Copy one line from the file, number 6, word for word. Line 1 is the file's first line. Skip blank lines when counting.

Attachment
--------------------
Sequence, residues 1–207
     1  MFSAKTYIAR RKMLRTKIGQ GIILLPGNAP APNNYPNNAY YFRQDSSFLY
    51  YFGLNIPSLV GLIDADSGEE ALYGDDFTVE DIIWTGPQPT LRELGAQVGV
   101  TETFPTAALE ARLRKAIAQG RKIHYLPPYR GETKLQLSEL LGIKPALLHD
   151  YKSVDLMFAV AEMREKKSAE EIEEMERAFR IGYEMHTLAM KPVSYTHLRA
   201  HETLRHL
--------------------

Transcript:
   201  HETLRHL